Billy Lefferts is by all accounts a normal teenager, other than his pyrokinetic abilities, and his doting mother is so protective of her boy that she wants him to give up his costumed identity.  Though never as powerful as a Superman or as well-known as a Batman, Hotshot and the Hero Hotline provide an important service to the common folk of the DCU, assisting them with matters the JLA can’t be expected to notice.  Still, his name has not-entirely-unwarranted overtones of vanity and showoffiness that could be seen as demeaning…




There’s a lovely song by Sarah Silverman that describes perfectly my feelings on the use of “diva” to indicate personal pride, none of which can be shared on a family website.  Still, Alessandra Fermi (if that is her REAL name) at least comes by the name honestly, having worked as an opera singer before joining StormWatch, in its initial configuration as the superhero guard of the United Nations.  Lost in combat, she was later replaced by her sister in the role of Diva, with both Fermi siblings fitting the stereotype that their nom de guerre implies.




One of Steve Ditko’s most outré 60s creations (which is saying something, given all that the man was responsible for), Creeper’s name has slowly become slang for a sinister or unnerving person, usually in a predatory or perverted context.  It’s really a shame, since he has a unique look and motif, serving as something of a superhero version of The Joker, only wearing a red bearskin rug on his back.




Some people call her the Space Cowboy, others the gangster of love.  Some people call her Maurice, but it must be noted that those particular people call EVERYONE Maurice.  A hero of the Tangent Comics universe, a world that deviates more than most alternate realities from the Main DC Earth.  While her name is disturbing in an in-universe context, what with it being the same as that psycho-killer from Gotham City, it’s also the go-to insult for gangsters from the 1930s, i.e. “Who’s this joker, see?”  Still a great costume, though…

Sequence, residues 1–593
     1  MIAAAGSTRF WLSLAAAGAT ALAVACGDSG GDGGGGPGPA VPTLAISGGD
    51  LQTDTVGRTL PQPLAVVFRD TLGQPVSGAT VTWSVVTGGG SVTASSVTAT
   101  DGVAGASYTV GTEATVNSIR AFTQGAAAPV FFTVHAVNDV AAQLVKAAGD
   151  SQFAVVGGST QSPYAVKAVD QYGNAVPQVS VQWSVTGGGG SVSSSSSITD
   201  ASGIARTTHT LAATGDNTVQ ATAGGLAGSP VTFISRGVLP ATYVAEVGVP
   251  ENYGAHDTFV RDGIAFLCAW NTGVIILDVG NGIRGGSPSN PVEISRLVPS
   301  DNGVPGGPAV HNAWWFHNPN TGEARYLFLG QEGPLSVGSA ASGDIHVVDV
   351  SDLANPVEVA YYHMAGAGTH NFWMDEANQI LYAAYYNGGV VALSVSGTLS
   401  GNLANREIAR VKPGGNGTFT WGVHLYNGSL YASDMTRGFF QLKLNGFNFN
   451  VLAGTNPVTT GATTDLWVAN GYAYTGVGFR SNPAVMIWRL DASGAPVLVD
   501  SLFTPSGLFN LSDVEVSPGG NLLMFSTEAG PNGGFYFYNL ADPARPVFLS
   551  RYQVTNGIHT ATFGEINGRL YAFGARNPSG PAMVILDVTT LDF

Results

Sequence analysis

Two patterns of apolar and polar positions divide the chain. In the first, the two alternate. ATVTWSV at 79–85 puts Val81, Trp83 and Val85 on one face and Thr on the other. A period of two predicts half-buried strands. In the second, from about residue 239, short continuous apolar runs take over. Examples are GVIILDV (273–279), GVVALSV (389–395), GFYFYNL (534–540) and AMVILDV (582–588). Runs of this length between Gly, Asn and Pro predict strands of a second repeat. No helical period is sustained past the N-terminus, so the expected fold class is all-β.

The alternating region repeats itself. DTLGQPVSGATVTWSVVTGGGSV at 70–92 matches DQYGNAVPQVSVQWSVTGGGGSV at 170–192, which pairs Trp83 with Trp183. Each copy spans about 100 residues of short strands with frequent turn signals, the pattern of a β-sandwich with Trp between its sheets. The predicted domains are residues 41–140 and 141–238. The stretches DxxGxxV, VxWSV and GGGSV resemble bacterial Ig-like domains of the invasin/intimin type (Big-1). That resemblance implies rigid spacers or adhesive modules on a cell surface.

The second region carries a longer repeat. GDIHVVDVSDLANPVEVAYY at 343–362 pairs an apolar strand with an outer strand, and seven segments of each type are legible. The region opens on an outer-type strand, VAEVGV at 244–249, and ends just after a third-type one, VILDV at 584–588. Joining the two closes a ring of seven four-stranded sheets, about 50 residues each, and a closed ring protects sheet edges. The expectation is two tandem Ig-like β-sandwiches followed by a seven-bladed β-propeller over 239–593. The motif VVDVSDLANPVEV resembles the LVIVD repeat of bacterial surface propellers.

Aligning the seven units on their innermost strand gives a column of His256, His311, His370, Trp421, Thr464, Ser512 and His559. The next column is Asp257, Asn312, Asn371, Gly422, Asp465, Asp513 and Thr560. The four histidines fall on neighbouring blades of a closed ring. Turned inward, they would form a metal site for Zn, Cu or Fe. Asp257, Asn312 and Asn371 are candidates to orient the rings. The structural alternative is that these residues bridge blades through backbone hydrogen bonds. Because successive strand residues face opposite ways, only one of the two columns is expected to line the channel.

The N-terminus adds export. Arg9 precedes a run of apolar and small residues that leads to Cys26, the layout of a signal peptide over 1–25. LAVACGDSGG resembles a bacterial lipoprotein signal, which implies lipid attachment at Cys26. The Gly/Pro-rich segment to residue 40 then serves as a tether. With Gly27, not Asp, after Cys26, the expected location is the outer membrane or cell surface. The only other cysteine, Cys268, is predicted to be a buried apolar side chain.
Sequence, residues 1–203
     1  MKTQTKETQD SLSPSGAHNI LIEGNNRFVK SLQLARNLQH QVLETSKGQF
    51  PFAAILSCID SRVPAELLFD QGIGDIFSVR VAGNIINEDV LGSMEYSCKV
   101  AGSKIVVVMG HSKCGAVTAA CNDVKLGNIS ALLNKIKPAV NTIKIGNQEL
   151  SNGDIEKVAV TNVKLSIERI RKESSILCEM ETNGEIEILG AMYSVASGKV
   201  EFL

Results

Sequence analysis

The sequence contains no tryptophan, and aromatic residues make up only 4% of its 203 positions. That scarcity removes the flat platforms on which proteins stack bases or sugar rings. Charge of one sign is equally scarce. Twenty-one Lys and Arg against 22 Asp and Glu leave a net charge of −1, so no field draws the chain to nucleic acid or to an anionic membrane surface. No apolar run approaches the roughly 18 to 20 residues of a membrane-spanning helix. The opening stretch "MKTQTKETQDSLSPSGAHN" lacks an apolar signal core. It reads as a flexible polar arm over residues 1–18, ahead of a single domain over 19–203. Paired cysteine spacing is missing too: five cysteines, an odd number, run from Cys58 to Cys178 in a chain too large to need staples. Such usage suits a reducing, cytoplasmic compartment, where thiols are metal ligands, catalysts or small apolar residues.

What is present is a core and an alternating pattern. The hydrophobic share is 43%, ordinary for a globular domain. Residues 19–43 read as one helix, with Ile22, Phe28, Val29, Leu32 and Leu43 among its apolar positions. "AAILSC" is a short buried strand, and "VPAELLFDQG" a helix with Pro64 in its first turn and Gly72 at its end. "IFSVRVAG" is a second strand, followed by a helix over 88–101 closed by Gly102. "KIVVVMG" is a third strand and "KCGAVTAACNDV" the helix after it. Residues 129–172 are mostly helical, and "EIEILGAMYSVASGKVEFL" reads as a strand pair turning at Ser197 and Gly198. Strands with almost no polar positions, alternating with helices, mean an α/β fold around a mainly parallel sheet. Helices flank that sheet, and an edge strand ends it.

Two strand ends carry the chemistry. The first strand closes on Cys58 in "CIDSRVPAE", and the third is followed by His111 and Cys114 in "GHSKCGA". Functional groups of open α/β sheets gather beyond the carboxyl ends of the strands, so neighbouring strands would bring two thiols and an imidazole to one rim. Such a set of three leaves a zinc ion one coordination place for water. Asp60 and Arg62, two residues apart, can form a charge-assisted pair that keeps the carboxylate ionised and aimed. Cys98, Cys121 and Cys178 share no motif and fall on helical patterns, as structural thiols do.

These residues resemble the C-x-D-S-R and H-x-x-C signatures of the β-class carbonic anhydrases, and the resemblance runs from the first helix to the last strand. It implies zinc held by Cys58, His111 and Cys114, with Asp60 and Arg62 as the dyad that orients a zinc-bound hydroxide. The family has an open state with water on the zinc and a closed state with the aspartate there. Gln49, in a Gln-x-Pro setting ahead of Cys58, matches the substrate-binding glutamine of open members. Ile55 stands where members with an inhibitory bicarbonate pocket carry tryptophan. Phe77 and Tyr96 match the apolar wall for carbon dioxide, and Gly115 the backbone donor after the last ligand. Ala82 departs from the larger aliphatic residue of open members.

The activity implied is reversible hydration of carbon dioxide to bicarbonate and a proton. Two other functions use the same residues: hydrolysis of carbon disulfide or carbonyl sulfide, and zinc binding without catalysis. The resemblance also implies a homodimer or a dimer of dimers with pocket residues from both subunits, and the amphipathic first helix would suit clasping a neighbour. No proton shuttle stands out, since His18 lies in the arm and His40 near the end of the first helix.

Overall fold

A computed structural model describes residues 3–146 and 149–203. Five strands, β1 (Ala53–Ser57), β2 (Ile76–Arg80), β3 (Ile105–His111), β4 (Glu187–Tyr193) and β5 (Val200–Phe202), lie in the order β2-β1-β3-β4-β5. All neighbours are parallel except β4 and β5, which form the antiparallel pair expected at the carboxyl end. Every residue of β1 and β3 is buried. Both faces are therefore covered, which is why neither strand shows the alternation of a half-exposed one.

Feel free to follow along (@MightyKingCobra) for more Ten Things madness on Twitter! As with any set of like items, these aren’t meant to be hard and fast or absolutely complete, as fans of the X-Men’s short-lived and little-known mutant duo of Buttface and Schmucko will attest.  Either way, the comments section is Below for just such an emergency, but, as always: Please, no wagering!


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About Author

Once upon a time, there was a young nerd from the Midwest, who loved Matter-Eater Lad and the McKenzie Brothers... If pop culture were a maze, Matthew would be the Minotaur at its center. Were it a mall, he'd be the Food Court. Were it a parking lot, he’d be the distant Cart Corral where the weird kids gather to smoke, but that’s not important right now... Matthew enjoys body surfing (so long as the bodies are fresh), writing in the third person, and dark-eyed women. Amongst his weaponry are such diverse elements as: Fear! Surprise! Ruthless efficiency! An almost fanatical devotion to pop culture! And a nice red uniform.

1 Comment

  1. Common Grounds had some great ones for this list, so nice pick. I love that book a lot. The rabi and Debutante story is probably my favorite, but the whole collection is wonderful! I hadn’t met anyone else who has read it, so this was a fun surprise!